This is my second time in Montreal and I was determined to dine at Chuck Hughes' new restaruant, Le Bremner. The menu looked really simple online and I must admit I had my doubts. Like Garde Manger, Le Bremner is very low key. It's located on Rue St-Paul along with other fancy restaurants, however, the store front is barely existent. The sign “restaurant” hangs at the entrance in red letters and an old set of stairs leads down to the restaurant which is located at the basement of a clothing store. If you didn't know about it, it would be impossible to stumble upon it.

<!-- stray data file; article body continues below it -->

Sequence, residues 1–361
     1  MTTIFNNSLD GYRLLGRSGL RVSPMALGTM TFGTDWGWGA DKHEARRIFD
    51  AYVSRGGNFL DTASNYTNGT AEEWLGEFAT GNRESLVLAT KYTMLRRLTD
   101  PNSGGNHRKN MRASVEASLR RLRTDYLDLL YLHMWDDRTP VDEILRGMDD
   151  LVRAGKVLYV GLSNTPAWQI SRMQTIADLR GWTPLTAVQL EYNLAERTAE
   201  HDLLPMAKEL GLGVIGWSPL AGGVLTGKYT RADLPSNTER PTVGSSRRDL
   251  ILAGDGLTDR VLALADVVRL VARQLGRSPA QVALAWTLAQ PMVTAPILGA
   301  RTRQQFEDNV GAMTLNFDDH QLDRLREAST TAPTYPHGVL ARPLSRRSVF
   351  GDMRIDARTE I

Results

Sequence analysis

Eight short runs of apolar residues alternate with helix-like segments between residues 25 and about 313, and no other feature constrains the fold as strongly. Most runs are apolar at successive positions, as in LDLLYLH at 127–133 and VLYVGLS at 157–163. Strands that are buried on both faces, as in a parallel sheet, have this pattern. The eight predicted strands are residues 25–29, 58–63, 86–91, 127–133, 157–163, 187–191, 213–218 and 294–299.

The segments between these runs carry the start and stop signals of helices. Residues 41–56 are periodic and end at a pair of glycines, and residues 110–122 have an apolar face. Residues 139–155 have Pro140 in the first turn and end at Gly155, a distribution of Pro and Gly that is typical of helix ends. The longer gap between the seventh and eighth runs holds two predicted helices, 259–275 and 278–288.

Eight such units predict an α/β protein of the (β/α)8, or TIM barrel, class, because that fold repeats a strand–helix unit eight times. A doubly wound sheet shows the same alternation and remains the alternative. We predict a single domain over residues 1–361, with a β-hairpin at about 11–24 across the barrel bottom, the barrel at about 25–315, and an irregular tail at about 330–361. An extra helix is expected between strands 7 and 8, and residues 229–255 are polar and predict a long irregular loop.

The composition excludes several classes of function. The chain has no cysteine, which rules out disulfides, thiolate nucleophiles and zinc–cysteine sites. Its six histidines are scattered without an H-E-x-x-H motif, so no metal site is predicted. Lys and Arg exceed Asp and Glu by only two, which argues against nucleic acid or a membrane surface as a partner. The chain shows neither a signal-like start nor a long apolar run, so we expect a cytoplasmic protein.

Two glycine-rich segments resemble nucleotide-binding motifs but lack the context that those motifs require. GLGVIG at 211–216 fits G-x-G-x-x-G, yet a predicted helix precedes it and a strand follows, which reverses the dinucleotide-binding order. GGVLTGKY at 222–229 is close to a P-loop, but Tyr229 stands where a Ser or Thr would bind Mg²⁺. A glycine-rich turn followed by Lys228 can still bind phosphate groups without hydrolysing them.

As expected, the restaurant is almost at full capacity...Probably with reservations alone. It's small, simple, but elegant with dimmed lighting, chandliers, and old, rugged decorations. It seems like the decorations would clash, but somehow they work together. Separating the bar and the restaurant is a row of old windows with frames that look like they've been painted 20 times over. The bathroom counter is covered with a layer of dimes with the tail side up, the symbol of a sail boat signifing the food served at the restaurant: seafood. On the wall is a flower basket made out of 3 frying baskets stacked together. Brilliant.


The menu is set up in 3 sections: Things to start with, Foccacias to share, From the stovetop and broiler. Most of the items are in the $20-$30 range but the portions are fairly small so the server would suggest that you order2-3 dishes per person. We had just ate a couple of hours before so we were well fed with 5 dishes: 2 starters, 1 foccacia, and 2 mains.